The Zambian Congress of Trade Unions
has asked the government to withdraw its threat not to pay all public service
workers who took part in the just-ended strike.
The Secretary to the Cabinet
Joshua Kanganja reportedly directed permanent secretaries not to pay workers
for the days they stayed away from work during the five-week long strike.
workers went on strike to demand a wage increase and for the nurses, an
increase in uniform, night duty and housing allowances. The strike ended last
week after President Rupiah Banda promised to look into the workers’
President of the Zambian Union of Nurses
Organization Thom Yung'Ana said by threatening no pay for workers who took part in
the strike, the government did not negotiate in good faith.
the issue of withholding the salary, we strongly feel that it may not be the
appropriate action to take because once the salaries are withheld, it implies
that nurses and all the para-medicals would be expected to be going for work
without any money in their pockets,” he said.
said the workers need every penny to buy food for their families and pay for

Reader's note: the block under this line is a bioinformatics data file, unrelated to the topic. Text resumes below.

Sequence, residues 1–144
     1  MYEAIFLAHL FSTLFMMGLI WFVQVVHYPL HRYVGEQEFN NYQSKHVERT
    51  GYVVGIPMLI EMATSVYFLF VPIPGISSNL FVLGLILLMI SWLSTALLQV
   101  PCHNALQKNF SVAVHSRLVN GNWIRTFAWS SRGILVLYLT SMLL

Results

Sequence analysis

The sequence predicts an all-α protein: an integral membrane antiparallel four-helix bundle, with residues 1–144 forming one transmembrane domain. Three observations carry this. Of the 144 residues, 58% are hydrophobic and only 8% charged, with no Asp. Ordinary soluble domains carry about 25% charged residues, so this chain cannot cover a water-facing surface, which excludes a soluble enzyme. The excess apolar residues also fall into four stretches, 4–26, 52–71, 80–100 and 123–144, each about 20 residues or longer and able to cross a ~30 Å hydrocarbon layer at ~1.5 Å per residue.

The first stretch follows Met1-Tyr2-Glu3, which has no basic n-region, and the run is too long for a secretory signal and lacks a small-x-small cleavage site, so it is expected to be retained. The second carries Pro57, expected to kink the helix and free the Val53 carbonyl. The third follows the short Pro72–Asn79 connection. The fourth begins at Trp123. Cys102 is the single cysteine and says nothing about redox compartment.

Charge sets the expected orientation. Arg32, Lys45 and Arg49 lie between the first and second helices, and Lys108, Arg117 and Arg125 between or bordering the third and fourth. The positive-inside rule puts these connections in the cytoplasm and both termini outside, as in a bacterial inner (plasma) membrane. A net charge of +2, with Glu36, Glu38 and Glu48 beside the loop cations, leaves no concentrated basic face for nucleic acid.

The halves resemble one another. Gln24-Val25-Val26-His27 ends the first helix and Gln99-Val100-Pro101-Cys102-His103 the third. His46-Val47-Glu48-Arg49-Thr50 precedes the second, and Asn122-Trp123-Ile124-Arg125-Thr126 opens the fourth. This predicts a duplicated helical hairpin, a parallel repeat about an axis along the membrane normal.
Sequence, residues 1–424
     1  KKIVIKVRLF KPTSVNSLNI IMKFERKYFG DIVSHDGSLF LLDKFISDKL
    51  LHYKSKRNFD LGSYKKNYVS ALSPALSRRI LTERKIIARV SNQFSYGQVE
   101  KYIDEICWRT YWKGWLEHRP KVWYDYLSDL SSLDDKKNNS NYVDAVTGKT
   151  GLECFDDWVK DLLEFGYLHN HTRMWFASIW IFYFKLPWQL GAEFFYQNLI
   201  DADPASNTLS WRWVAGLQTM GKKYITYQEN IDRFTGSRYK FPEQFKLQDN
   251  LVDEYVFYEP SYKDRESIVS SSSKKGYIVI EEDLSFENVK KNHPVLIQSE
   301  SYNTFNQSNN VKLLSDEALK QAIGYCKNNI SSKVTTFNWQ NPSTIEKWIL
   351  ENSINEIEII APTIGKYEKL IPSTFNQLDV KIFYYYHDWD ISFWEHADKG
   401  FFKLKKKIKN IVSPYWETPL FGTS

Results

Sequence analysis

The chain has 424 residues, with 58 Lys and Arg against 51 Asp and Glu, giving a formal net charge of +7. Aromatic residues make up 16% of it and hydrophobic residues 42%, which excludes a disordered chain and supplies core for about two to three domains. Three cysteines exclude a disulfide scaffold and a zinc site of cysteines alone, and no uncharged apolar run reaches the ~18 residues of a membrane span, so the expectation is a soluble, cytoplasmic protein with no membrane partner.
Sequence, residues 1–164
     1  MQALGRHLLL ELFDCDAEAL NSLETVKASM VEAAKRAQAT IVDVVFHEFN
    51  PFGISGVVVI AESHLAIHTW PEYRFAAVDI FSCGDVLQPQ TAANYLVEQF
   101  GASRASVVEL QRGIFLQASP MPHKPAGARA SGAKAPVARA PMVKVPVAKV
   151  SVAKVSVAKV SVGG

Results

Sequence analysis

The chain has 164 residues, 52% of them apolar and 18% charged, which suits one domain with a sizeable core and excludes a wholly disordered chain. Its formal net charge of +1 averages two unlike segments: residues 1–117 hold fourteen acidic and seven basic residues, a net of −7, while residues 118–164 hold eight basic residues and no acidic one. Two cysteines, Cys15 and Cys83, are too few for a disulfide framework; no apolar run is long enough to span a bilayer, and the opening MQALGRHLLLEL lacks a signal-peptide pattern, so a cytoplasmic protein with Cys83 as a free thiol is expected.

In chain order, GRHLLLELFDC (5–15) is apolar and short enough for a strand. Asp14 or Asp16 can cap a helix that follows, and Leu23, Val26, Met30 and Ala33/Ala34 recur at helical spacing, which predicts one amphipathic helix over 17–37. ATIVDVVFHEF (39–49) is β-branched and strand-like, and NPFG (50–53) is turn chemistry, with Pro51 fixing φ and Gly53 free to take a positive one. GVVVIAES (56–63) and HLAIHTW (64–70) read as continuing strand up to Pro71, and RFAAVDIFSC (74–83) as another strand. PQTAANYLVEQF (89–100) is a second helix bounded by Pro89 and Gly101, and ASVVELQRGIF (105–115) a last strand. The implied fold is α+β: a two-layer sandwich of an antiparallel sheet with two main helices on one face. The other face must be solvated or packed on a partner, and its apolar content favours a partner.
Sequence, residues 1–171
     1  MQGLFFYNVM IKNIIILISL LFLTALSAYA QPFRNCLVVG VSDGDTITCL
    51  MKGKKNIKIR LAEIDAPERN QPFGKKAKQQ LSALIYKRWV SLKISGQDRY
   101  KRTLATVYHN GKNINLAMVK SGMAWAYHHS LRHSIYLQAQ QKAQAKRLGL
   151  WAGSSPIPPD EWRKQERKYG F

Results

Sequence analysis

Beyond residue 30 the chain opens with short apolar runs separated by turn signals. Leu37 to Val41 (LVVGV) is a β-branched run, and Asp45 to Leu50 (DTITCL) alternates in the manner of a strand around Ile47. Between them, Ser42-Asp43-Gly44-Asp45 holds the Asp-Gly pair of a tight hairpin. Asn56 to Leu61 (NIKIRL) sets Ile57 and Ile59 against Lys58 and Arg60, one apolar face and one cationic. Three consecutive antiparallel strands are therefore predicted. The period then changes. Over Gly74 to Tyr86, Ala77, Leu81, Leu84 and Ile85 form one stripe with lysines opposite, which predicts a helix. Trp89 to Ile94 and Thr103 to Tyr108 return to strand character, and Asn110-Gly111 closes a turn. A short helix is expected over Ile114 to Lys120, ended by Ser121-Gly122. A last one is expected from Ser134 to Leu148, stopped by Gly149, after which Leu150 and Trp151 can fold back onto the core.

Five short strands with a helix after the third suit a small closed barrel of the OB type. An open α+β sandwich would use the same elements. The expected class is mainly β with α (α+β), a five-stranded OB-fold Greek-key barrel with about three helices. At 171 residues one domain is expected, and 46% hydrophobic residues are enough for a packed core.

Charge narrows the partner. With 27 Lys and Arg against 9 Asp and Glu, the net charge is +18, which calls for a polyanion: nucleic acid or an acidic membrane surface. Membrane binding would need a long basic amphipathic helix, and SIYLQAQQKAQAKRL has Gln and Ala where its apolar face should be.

public transportation to and from work.
a result, we expect to see a not better work force in the health sector.
Consequently, the ones who suffer would be the patients. And that’s make us
worry,” he Yung’ana said.
his directive, Secretary to the Cabinet Joshua Kanganja reportedly said public
service employees, including those considered as essential chose to go on an illegal
strike to air their grievances.
said while the union was not glorifying the strike action, it feels the reasons
are talking of a situation where our nurses get a very little amount towards
housing and that amount cannot be used to meet what the landlords expect from
them. So we see a number of nurses being either victimized or indeed evicted by
their landlords,” he said.
nurses agreed to end their five-week old strike after President Rupiah Band
promised to look into their grievances.
would not say whether the nurses feel they have been betrayed by the
government. But he said the nurses wanted solutions to their problems.
not the question whether the strike was legal or illegal, it’s not the question
whether we are betrayed or not betrayed. But I think we must dwell more on
finding solutions to the causes of the strike so that we don’t see this
happening again,” Yung’ana said.
said by agreeing to return to work, the nurses have shown their concern for
ordinary Zambians who he said need the nurses’ care the most.
said it would be unfortunate if the Zambian government went ahead to withhold
the workers’ pay for the days they were on strike. He said such action would be
contrary to President Banda’s words of forgiveness for nurses.